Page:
The Sopranos

Six Catholic schoolgirls head off for the city in search of trouble and go back home looking for love.

Published April 9, 1999 7:00PM (EDT)

A friend of mine who used to live near a Catholic school told me how one day, as he was goofing around in the street with his brother (both were well into their 20s at the time), the ball they were tossing back and forth rolled straight to the feet of a gum-snapping 16-year-old Cleopatra -- with eyeliner out to there and a pleated uniform skirt hiked up to there. My friend looked at his brother: "You go get it."

"No, you."

Eventually, someone girded his loins and retrieved the ball -- as my friend tells it, the braver soul managed to stammer, "P-p-please -- could we have our ball back?" But the fact that the enterprise required so much psychic energy demonstrates a point: Hardly the dewy-fresh things they're made out to be, young girls can be scary as hell.

They can also be, as Alan Warner knows, incredibly touching. And sometimes it's the toughest and trashiest-mouthed ones -- the ones who wear layers of lip gloss and blusher like a barrier between them and the world -- who get to you the most. In his third novel, the Scottish writer gives us a cross-section of one manically atypical day in the lives of a group of Catholic schoolgirls. In the morning they leave their small, dull port town for a choir competition in the city, where they eat at McDonald's, shop for miniskirts and sexy shoes and drink as much liquor as they can hold. After the competition, the bus has them back home in time to worm, wriggle and flirt their way into the local watering hole (all of them are underage), where they're hoping to meet sailors from the submarine that's just docked.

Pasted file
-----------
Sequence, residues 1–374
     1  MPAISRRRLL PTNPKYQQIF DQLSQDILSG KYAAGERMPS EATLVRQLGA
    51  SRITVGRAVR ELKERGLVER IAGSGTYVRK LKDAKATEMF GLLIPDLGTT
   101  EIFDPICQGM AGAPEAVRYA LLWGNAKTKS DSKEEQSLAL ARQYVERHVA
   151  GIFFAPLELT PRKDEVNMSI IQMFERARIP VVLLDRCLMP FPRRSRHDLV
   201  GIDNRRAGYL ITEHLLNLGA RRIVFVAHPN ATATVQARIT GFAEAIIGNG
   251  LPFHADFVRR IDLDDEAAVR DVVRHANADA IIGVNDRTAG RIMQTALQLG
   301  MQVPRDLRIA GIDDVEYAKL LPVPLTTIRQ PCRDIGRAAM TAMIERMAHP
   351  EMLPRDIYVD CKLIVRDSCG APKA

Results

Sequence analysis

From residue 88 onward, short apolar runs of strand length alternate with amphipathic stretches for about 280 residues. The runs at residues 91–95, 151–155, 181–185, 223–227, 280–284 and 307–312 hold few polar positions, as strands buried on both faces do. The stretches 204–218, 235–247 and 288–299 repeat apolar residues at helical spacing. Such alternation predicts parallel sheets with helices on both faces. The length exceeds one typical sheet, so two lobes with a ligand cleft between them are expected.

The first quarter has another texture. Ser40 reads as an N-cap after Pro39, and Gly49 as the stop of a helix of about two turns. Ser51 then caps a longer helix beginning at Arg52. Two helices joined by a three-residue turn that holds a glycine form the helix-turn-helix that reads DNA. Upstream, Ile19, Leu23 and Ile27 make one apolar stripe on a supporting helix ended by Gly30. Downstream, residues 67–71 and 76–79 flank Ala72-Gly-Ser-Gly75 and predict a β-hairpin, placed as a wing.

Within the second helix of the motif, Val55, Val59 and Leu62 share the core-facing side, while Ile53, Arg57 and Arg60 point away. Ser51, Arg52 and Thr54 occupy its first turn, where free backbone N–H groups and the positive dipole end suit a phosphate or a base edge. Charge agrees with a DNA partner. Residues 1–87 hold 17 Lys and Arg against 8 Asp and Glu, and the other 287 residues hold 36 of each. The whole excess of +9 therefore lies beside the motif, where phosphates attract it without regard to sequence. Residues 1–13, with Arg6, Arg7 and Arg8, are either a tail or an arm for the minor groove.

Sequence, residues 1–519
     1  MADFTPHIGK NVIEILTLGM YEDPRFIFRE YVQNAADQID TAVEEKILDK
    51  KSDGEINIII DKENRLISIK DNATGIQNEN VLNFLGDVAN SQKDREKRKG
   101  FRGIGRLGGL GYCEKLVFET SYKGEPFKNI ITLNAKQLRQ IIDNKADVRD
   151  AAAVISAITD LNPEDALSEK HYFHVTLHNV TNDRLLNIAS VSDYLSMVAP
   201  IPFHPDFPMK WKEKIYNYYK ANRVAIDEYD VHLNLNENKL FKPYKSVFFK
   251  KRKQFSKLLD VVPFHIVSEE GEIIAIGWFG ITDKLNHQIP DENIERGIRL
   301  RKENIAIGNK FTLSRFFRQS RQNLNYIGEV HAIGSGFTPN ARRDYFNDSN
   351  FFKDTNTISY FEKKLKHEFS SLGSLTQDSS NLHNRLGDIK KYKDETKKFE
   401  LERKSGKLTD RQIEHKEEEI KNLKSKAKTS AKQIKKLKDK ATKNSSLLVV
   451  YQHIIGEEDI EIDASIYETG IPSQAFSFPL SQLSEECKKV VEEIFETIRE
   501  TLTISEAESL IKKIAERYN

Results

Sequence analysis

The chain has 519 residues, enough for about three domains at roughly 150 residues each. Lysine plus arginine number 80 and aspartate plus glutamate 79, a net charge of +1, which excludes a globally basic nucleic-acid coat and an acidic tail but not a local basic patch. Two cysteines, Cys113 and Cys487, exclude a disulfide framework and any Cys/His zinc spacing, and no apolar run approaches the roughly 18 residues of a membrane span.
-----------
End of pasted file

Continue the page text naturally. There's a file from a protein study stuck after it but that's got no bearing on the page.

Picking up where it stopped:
Warner pushes the action forward with dialogue that skitters and hopscotches almost randomly. The girls speak in a randy shorthand that betrays both their awe of sex -- emotionally speaking, at least, it's still a mystery even to the pregnant ones -- and their eagerness to jump right in. One girl greets Orla, a classmate who's recently been treated for cancer, hugging her and telling her she looks great. "Ah hear you went to Lourdes and all?" she says, to which Orla replies, "Aye, didn't get off with a single guy."

For a man, Warner understands the hearts and minds of girls pretty well; a love scene in one of the girls' bedroom is astonishingly tender and awkward. But what's most remarkable about "The Sopranos" is the way Warner teases fully formed characters out of a whirlwind of chatter, flirtations and confessions of fears and longings. Each of the girls emerges as something more than a sketch -- the way that with just three judicious lines a charcoal drawing of a nude sometimes conveys more about its subject than a fussed-over painting does.

"The Sopranos" is a book about some very funny, very likable girls, but it's also a clear-eyed, unsentimental love letter to feminine teenagerhood itself. Warner offers his manifesto early on: "They've youth; they'll walk it out like a favourite pair trainers. It's a poem this youth and why should they know it, as the five of them move up the empty corridors?" To Warner, youth isn't something that's wasted on the young; it's an allowance that's theirs to spend as they wish. There are worse things to blow it on than Big Macs, microminis and the relentless pursuit of love.

By Stephanie Zacharek

Stephanie Zacharek is a senior writer for Salon Arts & Entertainment.

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